Covid-19 has exposed the UK’s public toilet crisis

The rise of outdoor socialising has exposed a previously hidden problem: the UK has privatised its toilets. 

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Near to my home in east London there is a park. Near to that park, there is a pub, which has been offering takeaway beers and cocktails, plus a number of supermarkets which offer much the same and, hey, why don’t we just go there it’s cheaper. Inside that park there is no toilet. There is, however, a wood, which borders the park on two sides.

So it is that, on sunny evenings of late, along with the local families, football teams and so forth, the park has been stuffed with young Londoners enjoying a socially-distanced drink. And on one evening recently, one of them went into the woods, under the ostensible impression that, the further into the trees he went, the less visible he was, found himself a set of railings against which to do his business, and didn’t notice that he was urinating out of the park and into the street, a position from which he was visible not just to passers-by like myself, but almost certainly to anyone on board the trains departing the London Overground station over the road. 

At which point I did what any true born Londoner would do: ignored him, crossed the street and decided to treat it as a funny anecdote, rather than a horrifying story about what is, let’s be clear about this, a drunk man, pissing in the street.

As spring has turned to summer, with no end of the Covid-19 crisis conceivable, let alone in sight, one of the coping strategies employed by urbanites who live with friends or partners or alone has been to move their social lives outside. We’ve had a run of good weather, and it’s relatively hard to spread the virus outside, and there’s only so long that people who live alone, or in cramped homes shared with strangers, can be expected to cut themselves off from all forms of social contact without suffering complete emotional collapse. And so parks and riversides have begun to take on the role once played by pubs.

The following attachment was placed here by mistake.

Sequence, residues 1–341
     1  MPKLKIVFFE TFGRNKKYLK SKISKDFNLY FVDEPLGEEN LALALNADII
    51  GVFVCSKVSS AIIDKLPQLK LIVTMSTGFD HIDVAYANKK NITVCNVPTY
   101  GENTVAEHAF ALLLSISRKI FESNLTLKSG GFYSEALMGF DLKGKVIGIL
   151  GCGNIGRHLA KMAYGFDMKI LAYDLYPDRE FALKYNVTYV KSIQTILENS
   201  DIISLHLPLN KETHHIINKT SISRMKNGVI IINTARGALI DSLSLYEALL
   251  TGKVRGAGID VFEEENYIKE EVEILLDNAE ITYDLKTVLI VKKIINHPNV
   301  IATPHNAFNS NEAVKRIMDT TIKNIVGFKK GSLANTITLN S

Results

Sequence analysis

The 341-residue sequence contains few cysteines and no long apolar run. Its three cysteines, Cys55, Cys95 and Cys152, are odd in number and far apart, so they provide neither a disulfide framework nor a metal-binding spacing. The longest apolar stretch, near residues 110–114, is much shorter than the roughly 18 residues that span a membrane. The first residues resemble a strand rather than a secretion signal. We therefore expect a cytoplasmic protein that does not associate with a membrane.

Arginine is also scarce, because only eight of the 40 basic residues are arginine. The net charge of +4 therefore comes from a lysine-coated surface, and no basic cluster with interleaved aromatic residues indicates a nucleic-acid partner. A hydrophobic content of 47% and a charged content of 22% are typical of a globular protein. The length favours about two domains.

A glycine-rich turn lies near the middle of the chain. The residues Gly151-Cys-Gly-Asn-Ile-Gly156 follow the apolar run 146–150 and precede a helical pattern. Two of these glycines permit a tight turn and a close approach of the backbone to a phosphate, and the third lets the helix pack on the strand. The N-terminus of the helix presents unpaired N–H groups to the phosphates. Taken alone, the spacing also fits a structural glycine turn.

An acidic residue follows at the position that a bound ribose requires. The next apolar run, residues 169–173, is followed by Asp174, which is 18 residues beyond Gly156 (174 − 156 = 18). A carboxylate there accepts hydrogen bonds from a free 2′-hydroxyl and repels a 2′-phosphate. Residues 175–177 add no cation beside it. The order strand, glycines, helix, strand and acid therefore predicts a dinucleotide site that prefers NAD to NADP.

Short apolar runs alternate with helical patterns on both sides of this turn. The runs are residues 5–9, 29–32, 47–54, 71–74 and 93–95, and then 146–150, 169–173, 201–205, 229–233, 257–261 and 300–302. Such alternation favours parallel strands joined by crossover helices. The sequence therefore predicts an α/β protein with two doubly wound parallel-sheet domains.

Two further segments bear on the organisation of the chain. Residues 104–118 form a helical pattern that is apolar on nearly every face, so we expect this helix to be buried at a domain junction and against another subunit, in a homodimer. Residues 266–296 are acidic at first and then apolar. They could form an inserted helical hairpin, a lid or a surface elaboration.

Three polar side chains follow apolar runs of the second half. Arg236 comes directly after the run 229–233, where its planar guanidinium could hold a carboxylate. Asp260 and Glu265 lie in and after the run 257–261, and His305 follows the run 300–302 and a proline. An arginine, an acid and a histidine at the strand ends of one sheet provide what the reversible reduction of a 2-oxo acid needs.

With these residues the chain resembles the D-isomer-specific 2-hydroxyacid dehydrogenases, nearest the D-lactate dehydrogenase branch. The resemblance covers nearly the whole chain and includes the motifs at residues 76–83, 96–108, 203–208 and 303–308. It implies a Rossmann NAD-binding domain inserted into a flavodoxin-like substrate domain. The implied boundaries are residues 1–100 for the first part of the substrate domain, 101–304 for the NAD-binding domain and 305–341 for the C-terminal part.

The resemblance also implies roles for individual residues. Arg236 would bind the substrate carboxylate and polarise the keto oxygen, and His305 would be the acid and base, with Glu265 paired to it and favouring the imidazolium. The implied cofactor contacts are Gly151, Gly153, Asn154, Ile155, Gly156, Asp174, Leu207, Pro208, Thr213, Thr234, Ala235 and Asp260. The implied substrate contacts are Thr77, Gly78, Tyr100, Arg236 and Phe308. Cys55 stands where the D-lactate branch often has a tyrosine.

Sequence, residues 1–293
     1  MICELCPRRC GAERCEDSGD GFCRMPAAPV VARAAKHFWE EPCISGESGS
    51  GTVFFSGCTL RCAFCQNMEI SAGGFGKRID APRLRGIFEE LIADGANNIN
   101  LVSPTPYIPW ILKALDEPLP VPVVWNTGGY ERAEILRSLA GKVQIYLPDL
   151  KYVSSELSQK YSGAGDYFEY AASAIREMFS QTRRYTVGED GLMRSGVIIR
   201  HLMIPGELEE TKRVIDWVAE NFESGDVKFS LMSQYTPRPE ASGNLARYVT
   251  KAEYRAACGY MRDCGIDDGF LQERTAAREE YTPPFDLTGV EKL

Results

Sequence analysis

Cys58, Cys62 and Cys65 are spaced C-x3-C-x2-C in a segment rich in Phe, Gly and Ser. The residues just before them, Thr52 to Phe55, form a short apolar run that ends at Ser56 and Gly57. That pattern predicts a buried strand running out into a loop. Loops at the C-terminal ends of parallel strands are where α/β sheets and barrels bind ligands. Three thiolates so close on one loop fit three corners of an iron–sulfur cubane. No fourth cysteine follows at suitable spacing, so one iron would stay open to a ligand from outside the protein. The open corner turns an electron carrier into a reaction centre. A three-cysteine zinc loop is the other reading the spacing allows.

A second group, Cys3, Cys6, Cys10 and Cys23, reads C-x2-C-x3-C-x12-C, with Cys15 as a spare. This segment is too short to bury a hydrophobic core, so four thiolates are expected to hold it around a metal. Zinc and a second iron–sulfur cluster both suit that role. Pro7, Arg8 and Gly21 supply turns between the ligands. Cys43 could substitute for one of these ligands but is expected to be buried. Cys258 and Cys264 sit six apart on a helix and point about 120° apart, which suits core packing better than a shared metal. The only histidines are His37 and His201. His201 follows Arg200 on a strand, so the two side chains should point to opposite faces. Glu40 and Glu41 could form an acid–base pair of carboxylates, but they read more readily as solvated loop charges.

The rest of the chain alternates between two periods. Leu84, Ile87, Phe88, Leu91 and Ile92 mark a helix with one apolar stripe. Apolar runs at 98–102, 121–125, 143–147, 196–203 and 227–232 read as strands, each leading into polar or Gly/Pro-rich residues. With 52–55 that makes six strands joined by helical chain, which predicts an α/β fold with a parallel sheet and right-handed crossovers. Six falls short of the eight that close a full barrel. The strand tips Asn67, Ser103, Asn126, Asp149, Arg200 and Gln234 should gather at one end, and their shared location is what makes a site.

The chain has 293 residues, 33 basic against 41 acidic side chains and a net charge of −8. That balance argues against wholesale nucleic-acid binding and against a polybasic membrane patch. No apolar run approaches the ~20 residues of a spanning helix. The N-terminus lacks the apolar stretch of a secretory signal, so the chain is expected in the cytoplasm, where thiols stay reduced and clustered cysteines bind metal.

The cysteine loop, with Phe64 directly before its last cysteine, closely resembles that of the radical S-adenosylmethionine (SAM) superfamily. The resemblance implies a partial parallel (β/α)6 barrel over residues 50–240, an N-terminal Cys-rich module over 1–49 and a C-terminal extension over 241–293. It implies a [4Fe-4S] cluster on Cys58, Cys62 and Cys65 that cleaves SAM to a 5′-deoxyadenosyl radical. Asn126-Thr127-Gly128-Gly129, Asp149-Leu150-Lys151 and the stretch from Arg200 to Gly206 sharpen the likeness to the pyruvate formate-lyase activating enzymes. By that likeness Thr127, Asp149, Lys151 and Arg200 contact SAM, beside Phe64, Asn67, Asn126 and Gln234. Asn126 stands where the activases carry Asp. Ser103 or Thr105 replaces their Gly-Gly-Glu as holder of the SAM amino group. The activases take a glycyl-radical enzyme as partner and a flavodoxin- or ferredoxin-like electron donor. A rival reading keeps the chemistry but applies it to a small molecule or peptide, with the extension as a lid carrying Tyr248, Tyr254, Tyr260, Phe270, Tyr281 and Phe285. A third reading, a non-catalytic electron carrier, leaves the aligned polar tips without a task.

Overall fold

And by and large, it’s worked pretty well. In London at least (I can no longer remember the last time I left it to check on anywhere else), most people have kept their distance and taken their rubbish away with them afterwards. Civilisation has not collapsed. This is lucky because, even though the pubs began to reopen on Saturday (4 July), they’ll have severe constraints on their capacity, and many people will likely prefer to avoid enclosed spaces anyway. The park drinks phenomenon will persist for a while.

But there’s a problem, inadvertently highlighted by our drunken friend: the UK has privatised its toilets. In the late 19th century, the “nuisances” that drained directly into rivers or streets were replaced by hygiene-conscious councils with veritable palaces of public convenience, proper loos hooked up to the new-fangled water and sewage systems. They charged, yes (the phrase “spend a penny” was once literal); but once upon a time, according to a brilliantly titled report from the Royal Society of Public Health (RSPH), Taking the P***: The Decline of the Great British Public Toilet, many also had a free cubicle available for those who found themselves caught short. Toilet facilities were a public good.

As the 20th century wore on, however, and council budgets were increasingly strained, local authorities began outsourcing their toilets to private contractors, or simply selling them off. (One in another, trendier part of east London ended up as a nightclub, Public Life; the property was later put up for sale for a cool £990,000.) Austerity made things worse: between 2010 and 2018, BBC research found, councils closed 13 per cent of surviving public toilets; 37 were left with none at all.

This worked fine, as there were generally other facilities available, in shopping centres, stations or pubs; right up until a few weeks ago, when suddenly many of those other facilities weren’t available after all, but large numbers of people still needed them.

It’s at roughly that point that a drunk man somewhere in east London found himself pissing through a railing, and the Evening Standard declared it the “summer of the Shewee”, after sales of the device, which does exactly what you think, spiked by 700 per cent. 

The collapse in public toilet provision is not a new problem: that RSPH report, which found that a fifth of British people had found their movements restricted by concern about inadequate toilet facilities, dates from May 2019. But lockdown, and the rise of outdoor socialising that’s accompanied it, has shone a light on both how far public toilet provision has declined, and on how the effects of this problem are, Sheewee sales notwithstanding, gendered. 

So perhaps, when this is all over, we can have a conversation about how we can fix this. Some little luxuries in life are worth spending a penny on.

Jonn Elledge is a freelance journalist, formerly assistant editor of the New Statesman and editor of its sister site, CityMetric. You can find him on Twitter or Facebook.

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